Accidentally On Purpose


(Published in the May issue of the Hawaii Baptist Newspaper.)


Accidentally on Purpose

I wasn’t supposed to go on the trip to Pu’u Kahea. Money has been pretty tight for me lately, and anything that hasn’t been truly necessary has been cut out of my budget. So when I saw the price tag for the Gathering conference being held there, I automatically assumed there was no way I’d be going. Besides, I had never been on a retreat before, I didn’t really know what it was about, and it didn’t seem like my type of thing.

But then Arjay Gruspe, director of the Baptist Collegiate Ministry, came to me and said, “I didn’t see your application for the Gathering. Why aren’t you going?”

“No money,” was my reply.

“If we could cover your fee, would you go?”

I didn’t like the idea of going for free, while everyone else paid full price, so I was hesitant to accept the offer. But people kept encouraging me to go, telling me what a great experience it would be, so I figured God might have some sort of purpose for me to be there.

I had no idea what to expect.

The Gathering is a weekend retreat held annually for college-aged people. It’s held at Pu’u Kahea, a plantation-turned-conference center along the Waianae coast. The building itself is three-stories, with the kitchen and dining hall on the first floor, a large lanai on the second, and a main conference room on the third. The grounds outside are lined with royal palms, and there’s plenty of room for field games, outdoor seminars, and other activities.

Pu’u Kahea has long been used for Baptist retreats, but if you haven’t been there recently, they’ve made some nice improvements. All the cabins have been renovated. They’re now completely air conditioned, with new, comfortable mattresses replacing the old, flimsy ones people say used to be there. There’s a newly built prayer garden in a tranquil spot off to the side, complete with benches and a little koy pond.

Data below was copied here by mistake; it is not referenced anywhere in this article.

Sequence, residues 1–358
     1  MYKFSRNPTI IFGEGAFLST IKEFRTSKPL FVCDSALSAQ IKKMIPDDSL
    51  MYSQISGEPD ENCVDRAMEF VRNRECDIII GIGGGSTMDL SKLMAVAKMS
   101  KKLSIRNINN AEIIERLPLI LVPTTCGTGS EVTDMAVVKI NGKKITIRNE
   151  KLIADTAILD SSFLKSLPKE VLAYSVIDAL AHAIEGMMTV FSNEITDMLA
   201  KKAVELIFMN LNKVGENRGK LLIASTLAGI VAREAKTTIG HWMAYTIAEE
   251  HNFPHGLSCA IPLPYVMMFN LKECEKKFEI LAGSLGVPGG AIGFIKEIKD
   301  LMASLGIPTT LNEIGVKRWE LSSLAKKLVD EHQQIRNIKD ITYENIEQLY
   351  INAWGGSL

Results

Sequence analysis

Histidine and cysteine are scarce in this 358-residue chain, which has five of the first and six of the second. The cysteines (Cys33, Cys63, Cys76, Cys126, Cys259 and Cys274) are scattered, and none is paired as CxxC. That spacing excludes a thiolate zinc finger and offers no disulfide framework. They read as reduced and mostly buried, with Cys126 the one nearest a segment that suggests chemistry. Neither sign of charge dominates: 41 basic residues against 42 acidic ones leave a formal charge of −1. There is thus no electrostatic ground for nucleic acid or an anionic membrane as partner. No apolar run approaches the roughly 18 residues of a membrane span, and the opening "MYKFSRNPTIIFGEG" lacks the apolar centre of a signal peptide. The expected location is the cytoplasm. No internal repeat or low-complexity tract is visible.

Around 50 people attended the event, with ages ranging between starry-eyed 18-year-old freshmen, to post-college guys likes me.

The guest speaker for the trip was Michael Kelley, a young, energetic man from Nashville. It was his first time in Hawaii. The title of his presentation was “Life on Purpose.” In the opening message delivered on Friday night he talked about our walk with God, and encouraged us to ask ourselves what we are doing to live a meaningful life.

After the worship we gathered into small groups organized by our year in college to discuss the message we had just heard. Each group consisted of roughly a dozen people. We sat in a circle and introduced ourselves, each of us sharing our most memorable story from our time in college. The guys tended to tell stories about pranks they had pulled, while the girls mostly told about weird things that had happened to them.

One girl told of how she met her significant other. It was a lengthy story, but she was so obviously in love that one couldn’t help but overlook the length. I guess that’s the difference between a casual relationship and being truly in love. When you’re truly in love with someone, they always seem to be on your mind. You can’t help but talk about them at every chance you get.

In the same way, when you walk with God and have a relationship with Christ, not just a casual relationship, but when you’re truly in love and committed to serving Him, he is always on your mind, and you’re constantly looking for ways to spread his glory.

As a group we spent so much time sharing stories that we didn’t get around to covering the remaining questions of the lesson, but I think it was time well-spent. The story each person chose to share seemed to be an indication of who they were and where they were in life. Some stories were funny, others were more serious, but all were revealing. We seemed to learn a lot about each other in that way.